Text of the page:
On Tuesday afternoon, as President Obama was bringing an occasionally contentious but often illuminating hour-long conversation about the Middle East to an end, I brought up a persistent worry. “A majority of American Jews want to support the Iran deal,” I said, “but a lot of people are anxiety-ridden about this, as am I.” Like many Jews—and also, by the way, many non-Jews—I believe that it is prudent to keep nuclear weapons out of the hands of anti-Semitic regimes. Obama, who earlier in the discussion had explicitly labeled the supreme leader of Iran, Ayatollah Ali Khamenei, an anti-Semite, responded with an argument I had not heard him make before.
“Look, 20 years from now, I’m still going to be around, God willing. If Iran has a nuclear weapon, it’s my name on this,” he said, referring to the apparently almost-finished nuclear agreement between Iran and a group of world powers led by the United States. “I think it’s fair to say that in addition to our profound national-security interests, I have a personal interest in locking this down.”
New research confirms what they say about nice guys.
Smile at the customer. Bake cookies for your colleagues. Sing your subordinates’ praises. Share credit. Listen. Empathize. Don’t drive the last dollar out of a deal. Leave the last doughnut for someone else.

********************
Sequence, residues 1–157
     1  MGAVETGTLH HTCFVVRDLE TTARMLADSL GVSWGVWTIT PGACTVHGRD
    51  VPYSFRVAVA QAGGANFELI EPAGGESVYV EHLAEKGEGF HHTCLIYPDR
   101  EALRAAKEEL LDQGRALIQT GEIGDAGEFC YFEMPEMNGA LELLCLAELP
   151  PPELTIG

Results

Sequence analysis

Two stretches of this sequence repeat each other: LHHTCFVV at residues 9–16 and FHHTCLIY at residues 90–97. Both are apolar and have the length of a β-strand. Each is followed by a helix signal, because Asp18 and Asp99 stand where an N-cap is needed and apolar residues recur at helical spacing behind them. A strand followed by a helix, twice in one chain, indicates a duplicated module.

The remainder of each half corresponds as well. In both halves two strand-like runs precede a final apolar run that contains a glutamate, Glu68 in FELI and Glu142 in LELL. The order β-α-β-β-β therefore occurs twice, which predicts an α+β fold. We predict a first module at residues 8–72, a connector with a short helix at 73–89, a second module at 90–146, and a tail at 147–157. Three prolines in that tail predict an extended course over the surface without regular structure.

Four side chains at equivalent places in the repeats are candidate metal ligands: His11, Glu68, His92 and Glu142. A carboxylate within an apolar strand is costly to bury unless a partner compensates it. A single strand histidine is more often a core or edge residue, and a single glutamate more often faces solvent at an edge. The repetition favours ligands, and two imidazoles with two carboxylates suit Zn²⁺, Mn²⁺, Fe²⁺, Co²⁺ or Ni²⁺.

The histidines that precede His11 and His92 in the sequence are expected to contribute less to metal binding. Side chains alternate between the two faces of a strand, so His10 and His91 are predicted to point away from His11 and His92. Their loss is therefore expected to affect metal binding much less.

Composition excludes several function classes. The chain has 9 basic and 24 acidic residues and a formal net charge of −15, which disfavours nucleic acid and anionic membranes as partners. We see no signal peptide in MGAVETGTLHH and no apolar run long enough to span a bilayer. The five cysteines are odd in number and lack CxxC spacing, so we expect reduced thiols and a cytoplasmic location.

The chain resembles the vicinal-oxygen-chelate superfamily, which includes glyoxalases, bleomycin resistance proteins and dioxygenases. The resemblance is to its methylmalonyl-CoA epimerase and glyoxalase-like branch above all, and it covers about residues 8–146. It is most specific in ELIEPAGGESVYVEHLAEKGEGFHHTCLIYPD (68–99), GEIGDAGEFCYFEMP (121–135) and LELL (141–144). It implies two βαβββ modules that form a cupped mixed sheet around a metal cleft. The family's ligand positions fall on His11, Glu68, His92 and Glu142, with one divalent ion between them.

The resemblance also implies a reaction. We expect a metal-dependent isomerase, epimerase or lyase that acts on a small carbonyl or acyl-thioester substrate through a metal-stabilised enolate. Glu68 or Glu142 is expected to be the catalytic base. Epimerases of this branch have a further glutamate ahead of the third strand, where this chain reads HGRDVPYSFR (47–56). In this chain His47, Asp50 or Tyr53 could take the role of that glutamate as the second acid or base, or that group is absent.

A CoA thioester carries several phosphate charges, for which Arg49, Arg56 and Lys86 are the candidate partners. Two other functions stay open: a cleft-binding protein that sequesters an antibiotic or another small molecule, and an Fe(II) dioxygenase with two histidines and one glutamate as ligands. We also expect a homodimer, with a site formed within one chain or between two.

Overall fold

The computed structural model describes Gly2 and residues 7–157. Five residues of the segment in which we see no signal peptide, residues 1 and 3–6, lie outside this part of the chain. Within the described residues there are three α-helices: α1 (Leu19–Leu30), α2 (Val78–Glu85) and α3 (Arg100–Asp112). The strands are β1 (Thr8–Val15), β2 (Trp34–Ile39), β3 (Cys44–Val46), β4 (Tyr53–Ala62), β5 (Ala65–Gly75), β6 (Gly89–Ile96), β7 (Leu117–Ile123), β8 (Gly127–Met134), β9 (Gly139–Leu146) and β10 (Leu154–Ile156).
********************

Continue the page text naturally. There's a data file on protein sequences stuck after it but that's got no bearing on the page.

Sneer at the customer. Keep your colleagues on edge. Claim credit. Speak first. Put your feet on the table. Withhold approval. Instill fear. Interrupt. Ask for more. And by all means, take that last doughnut. You deserve it.
Follow one of those paths, the success literature tells us, and you’ll go far. Follow the other, and you’ll die powerless and broke. The only question is, which is which?
Of all the issues that preoccupy the modern mind—Nature or nurture? Is there life in outer space? Why can’t America field a decent soccer team?—it’s hard to think of one that has attracted so much water-cooler philosophizing yet so little scientific inquiry. Does it pay to be nice? Or is there an advantage to being a jerk?
A scholar’s analysis of American culture presumes too much.
Last week, Gawkerinterviewed Robin DiAngelo, a professor of multicultural education at Westfield State University. She discussed aspects of her thinking on whiteness, which are set forth at length in her book, What Does it Mean to be White? I’ve ordered the book.
Meanwhile, her remarks on police brutality piqued my interest. Some of what Professor DiAngelo said is grounded in solid empirical evidence: blacks and Hispanics are disproportionately victimized by misbehaving police officers; there are neighborhoods where police help maintain racial and class boundaries. And if our culture, which she calls “the water we swim in,” contained fewer parts racism per million, I suspect that police brutality would be less common.